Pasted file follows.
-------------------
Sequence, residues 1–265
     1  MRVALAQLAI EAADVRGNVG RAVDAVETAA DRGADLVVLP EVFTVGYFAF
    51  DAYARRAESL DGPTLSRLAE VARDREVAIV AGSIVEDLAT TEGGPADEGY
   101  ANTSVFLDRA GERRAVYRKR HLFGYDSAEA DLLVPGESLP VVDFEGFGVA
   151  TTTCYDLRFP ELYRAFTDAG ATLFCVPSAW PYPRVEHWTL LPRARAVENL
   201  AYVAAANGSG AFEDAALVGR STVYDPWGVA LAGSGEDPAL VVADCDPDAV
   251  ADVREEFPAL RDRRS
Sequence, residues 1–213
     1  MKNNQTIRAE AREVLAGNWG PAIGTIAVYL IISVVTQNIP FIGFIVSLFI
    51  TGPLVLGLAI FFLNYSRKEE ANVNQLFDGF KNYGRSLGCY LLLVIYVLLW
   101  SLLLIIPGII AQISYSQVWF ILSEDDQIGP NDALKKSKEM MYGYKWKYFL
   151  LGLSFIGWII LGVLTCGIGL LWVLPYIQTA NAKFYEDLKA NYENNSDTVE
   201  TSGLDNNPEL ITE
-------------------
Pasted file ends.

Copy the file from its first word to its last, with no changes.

Sequence, residues 1–265
     1  MRVALAQLAI EAADVRGNVG RAVDAVETAA DRGADLVVLP EVFTVGYFAF
    51  DAYARRAESL DGPTLSRLAE VARDREVAIV AGSIVEDLAT TEGGPADEGY
   101  ANTSVFLDRA GERRAVYRKR HLFGYDSAEA DLLVPGESLP VVDFEGFGVA
   151  TTTCYDLRFP ELYRAFTDAG ATLFCVPSAW PYPRVEHWTL LPRARAVENL
   201  AYVAAANGSG AFEDAALVGR STVYDPWGVA LAGSGEDPAL VVADCDPDAV
   251  ADVREEFPAL RDRRS
Sequence, residues 1–213
     1  MKNNQTIRAE AREVLAGNWG PAIGTIAVYL IISVVTQNIP FIGFIVSLFI
    51  TGPLVLGLAI FFLNYSRKEE ANVNQLFDGF KNYGRSLGCY LLLVIYVLLW
   101  SLLLIIPGII AQISYSQVWF ILSEDDQIGP NDALKKSKEM MYGYKWKYFL
   151  LGLSFIGWII LGVLTCGIGL LWVLPYIQTA NAKFYEDLKA NYENNSDTVE
   201  TSGLDNNPEL ITE